law provides that lands which are actively devoted to farm or agricultural use
shall be assessed according to that use. In 1960 Maryland became the first state
to adopt an agricultural use assessment law which has proved to be a key factor
in helping to preserve the State's agricultural land.
agricultural use assessment law and its corresponding programs are administered
by the Department of Assessments and Taxation. This State agency is responsible
for assessing all real property throughout the State and has offices located in
the county seat of each of the 23 counties and in Baltimore City. Procedures
governing the agricultural use assessment have been established to achieve
uniformity among the 23 counties in which agricultural property is located. The
Department recognizes the importance of this program to the individual land
owner and to the farming community in the State.
Tax-Property Article of the Annotated Code of Maryland, Section 8-209,
these provisions establish the overall philosophy for the agricultural use
assessment program, the law also includes:
What the Agricultural Use Assessment Means to
the Property Owner?
Although its importance is widely recognized, the actual
benefits of the agricultural use assessment are often misunderstood. Because
certain risks in the form of potential tax penalties can result from receiving
the agricultural use assessment, the property owner should carefully evaluate
the actual tax savings against those risks. The following is an outline of one
method to determine the actual tax savings that might be realized from the
First, it is necessary to understand that a property tax bill is
the product of the assessment on the real property multiplied by the property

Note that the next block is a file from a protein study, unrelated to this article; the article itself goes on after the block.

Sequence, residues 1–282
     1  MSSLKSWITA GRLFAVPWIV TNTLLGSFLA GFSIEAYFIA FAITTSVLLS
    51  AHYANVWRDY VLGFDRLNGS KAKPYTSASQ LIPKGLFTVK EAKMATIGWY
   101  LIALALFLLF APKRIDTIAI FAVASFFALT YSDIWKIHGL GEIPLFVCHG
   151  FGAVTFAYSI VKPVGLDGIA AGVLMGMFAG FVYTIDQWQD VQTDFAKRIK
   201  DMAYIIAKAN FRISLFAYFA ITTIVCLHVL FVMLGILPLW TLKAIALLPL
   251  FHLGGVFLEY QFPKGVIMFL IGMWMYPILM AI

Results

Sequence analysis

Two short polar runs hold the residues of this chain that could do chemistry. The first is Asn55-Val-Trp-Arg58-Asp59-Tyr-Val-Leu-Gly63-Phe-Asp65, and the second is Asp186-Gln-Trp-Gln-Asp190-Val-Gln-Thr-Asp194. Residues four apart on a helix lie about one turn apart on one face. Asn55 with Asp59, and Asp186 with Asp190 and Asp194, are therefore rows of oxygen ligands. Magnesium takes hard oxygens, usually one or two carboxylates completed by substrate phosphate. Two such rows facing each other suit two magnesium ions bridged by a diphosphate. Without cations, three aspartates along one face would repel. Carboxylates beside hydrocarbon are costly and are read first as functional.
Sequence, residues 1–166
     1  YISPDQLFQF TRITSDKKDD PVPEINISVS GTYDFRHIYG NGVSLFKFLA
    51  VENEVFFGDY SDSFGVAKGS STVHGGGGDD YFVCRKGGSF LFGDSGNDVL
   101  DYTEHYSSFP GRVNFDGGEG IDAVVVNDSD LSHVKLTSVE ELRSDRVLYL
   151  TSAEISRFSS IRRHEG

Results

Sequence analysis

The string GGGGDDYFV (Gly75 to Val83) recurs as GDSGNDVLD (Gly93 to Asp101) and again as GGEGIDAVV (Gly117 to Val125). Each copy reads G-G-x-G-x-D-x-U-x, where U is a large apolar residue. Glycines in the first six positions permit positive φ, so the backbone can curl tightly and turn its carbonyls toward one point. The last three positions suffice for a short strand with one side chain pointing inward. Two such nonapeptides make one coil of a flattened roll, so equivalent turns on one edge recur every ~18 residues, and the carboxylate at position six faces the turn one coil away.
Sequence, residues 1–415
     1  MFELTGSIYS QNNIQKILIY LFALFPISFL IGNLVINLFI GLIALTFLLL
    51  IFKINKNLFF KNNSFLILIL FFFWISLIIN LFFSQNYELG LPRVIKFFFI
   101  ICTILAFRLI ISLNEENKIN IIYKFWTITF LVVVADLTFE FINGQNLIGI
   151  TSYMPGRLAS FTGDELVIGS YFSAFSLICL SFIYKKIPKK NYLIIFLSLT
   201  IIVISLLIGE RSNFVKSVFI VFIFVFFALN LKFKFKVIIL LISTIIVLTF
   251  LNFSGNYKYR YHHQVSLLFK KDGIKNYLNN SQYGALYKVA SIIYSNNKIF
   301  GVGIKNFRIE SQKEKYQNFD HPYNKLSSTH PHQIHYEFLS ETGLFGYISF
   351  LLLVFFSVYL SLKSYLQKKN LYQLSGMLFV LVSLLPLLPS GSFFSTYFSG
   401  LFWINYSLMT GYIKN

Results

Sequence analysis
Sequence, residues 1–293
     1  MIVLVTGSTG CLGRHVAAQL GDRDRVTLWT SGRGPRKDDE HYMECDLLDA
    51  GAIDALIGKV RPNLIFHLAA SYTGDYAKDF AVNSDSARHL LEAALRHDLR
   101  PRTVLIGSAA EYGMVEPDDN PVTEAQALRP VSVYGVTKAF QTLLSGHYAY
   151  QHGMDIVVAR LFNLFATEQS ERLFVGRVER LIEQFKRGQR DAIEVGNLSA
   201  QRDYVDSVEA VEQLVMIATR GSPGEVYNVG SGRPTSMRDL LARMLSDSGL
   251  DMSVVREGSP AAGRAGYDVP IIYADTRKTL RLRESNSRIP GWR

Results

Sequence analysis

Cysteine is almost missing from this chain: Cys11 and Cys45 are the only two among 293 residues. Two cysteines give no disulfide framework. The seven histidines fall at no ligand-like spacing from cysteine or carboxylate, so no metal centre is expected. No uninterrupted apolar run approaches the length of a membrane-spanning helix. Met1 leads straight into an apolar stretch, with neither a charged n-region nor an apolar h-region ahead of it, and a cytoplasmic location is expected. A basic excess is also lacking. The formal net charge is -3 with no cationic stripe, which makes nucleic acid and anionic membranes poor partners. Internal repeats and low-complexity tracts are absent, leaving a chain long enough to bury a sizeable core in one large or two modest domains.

tax rate. This is true for all property tax situations, regardless of whether
or not the land receives the agricultural use assessment. Property tax rates
are expressed as a certain number of dollars and cents per $100 of assessment.
While some cities and towns in Maryland impose a separate property tax rate for
property in that jurisdiction, most agricultural land is not found within those
boundaries. Thus, for illustration purposes, only the county and state property
tax rates will be considered here. Our example will use a typical county rate
of $1.00 per $100 of assessment and a state rate of $.132 per $100 of
assessment resulting in a combined rate of $1.132.
To determine what tax savings can be realized by receiving the
agricultural use assessment, an examination of the level of assessment with and
without the use assessment must be made. The actual preferential value of $500
per acre is assigned to acreage within the agricultural use assessment. Land
that does not receive the agricultural use assessment will be assessed based on
its market value.
Assume that a 100 acre parcel of land has a market value of
$3,000 per acre. The total value of the parcel would be $300,000 (100 x
$3,000). The same 100 acre parcel receiving the agricultural use assessment
based on a value of $500 per acre would be $50,000 (100 x $500). The taxes
using a combined tax rate of $1.132 per $100 of assessment would be $566.00 [($50,000
÷ 100) x $1.132] under the agricultural use assessment and $3,396.00 [($300,000
÷ 100) x $1.132] under the market value assessment – a difference of $2830.00. This
illustration demonstrates the importance of the agricultural use assessment in
terms of its tax savings.
What Criteria Are Used to Qualify Land to